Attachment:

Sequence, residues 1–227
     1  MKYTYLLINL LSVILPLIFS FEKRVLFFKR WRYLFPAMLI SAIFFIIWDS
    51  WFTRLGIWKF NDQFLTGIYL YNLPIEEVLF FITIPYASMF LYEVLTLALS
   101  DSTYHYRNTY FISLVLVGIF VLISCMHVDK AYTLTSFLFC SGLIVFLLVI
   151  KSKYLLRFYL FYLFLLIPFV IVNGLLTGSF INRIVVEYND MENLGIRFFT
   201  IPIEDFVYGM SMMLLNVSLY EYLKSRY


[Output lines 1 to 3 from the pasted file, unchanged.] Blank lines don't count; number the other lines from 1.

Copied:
Sequence, residues 1–227
     1  MKYTYLLINL LSVILPLIFS FEKRVLFFKR WRYLFPAMLI SAIFFIIWDS
    51  WFTRLGIWKF NDQFLTGIYL YNLPIEEVLF FITIPYASMF LYEVLTLALS